Featuring more than 50 images the photographers made during their trips, the exhibition is both a celebration and elegy for the people and ways of life unique to the great artery that remains at the heart of the country.
In 1988, Dutch photographer and photo-journalist Aernout Overbeeke traveled to the U.S. to photograph the Mississippi River. Accompanied by his wife, who kept a journal of their trip, Overbeeke photographed the people and places that line the mighty river’s banks. Much as Twain observed in his book, Life on the Mississippi, published a century earlier, Overbeeke’s warm-hued images document the many souls whose lives are centered “by choice or accident of birth” on the river. The images from his trip appeared in several journals and magazines, including the Dutch culture magazine Avenue in 1989. Although the journey established Overbeekes’s career as a professional photographer, it failed to mend an increasingly fragile relationship between photographer and wife. Yet both look back on the experience as one of the most memorable of their lives.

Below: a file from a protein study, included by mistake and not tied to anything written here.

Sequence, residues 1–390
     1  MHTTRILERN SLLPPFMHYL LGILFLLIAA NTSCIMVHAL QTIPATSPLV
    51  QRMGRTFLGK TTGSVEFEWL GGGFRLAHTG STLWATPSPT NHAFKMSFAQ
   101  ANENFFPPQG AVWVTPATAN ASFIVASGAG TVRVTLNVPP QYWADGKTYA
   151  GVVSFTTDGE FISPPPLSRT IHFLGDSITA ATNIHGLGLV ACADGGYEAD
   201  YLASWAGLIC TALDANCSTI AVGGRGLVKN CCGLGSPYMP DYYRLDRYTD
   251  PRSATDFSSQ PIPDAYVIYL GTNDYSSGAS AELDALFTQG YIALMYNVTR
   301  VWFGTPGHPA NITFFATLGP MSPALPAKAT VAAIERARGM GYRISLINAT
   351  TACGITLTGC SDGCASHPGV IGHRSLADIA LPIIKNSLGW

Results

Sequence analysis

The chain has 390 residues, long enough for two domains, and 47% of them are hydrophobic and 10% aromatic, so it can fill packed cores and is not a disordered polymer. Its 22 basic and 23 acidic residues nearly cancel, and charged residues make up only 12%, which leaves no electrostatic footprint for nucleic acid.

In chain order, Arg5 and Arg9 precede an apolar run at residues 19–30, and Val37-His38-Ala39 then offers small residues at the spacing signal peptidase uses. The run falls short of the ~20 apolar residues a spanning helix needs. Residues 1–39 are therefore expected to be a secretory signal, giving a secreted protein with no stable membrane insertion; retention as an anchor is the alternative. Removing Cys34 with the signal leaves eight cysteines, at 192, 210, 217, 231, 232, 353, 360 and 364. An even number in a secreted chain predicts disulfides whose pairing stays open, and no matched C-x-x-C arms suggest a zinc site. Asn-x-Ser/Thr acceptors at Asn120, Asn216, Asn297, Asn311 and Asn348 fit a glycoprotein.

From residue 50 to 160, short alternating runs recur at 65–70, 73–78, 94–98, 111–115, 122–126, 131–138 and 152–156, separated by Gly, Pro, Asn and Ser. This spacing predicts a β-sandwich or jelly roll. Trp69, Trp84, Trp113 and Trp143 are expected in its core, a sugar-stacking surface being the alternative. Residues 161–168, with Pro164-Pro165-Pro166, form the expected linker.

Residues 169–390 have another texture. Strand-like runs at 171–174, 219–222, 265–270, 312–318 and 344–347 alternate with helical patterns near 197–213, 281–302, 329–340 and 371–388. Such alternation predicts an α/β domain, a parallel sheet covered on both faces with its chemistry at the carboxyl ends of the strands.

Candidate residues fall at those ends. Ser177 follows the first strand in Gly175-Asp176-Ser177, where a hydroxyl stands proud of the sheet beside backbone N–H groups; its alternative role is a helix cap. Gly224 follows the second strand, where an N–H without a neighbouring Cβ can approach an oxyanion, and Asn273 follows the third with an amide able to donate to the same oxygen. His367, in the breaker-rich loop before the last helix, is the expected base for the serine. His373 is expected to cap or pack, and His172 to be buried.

In 2013, inspired by her father’s photographic work, Overbeeke’s daughter Teska retraced her parent’s steps. Discovering, often accidentally, many of the places her parents had visited, Teska with the help of her fiancé searched for the same people her father had photographed 25 years earlier. Teska, who was 8 years old at the time of her parents’ trip, relied heavily on her mother’s journal to find her way from Lake Itasca in Minnesota to the Gulf Coast of Louisiana. During her trip, Teska discovered
her voice as a photojournalist and, much like her parents, connected with the people and places she found along the way. Hoping to document progress and rebirth in the wake of Hurricane Katrina, Teska instead captured images that witness little change since her parents’ journey. Her photo essay and text, The Mississippi 25 Years Later, appeared in Dutch Elle magazine in 2013.